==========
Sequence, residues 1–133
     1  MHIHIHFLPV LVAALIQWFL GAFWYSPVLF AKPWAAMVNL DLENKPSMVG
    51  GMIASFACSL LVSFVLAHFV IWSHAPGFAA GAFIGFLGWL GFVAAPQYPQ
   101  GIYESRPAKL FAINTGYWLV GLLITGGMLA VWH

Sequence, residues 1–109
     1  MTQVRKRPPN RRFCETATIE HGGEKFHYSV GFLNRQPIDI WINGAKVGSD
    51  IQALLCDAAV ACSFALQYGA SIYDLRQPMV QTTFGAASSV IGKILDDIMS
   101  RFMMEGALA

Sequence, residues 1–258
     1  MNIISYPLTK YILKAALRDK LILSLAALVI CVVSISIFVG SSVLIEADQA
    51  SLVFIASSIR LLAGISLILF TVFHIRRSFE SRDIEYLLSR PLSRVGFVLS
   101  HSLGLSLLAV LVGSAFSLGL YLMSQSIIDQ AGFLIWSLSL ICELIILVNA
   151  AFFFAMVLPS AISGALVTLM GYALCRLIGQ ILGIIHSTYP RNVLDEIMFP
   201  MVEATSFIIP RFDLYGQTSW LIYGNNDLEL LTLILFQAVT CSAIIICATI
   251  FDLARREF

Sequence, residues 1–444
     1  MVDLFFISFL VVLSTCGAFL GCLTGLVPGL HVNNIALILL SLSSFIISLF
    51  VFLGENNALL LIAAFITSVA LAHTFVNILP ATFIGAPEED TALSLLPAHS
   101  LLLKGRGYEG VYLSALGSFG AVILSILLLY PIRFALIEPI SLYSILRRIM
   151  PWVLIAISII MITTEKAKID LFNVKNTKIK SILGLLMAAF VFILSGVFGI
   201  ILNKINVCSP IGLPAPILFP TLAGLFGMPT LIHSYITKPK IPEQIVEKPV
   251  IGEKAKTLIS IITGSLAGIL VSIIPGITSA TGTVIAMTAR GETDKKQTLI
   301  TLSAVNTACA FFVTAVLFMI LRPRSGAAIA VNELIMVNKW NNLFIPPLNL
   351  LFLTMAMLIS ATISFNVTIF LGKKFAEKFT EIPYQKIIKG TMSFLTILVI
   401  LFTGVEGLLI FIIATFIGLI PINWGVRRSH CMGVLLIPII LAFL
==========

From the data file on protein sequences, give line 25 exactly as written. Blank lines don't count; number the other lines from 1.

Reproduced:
   401  LFTGVEGLLI FIIATFIGLI PINWGVRRSH CMGVLLIPII LAFL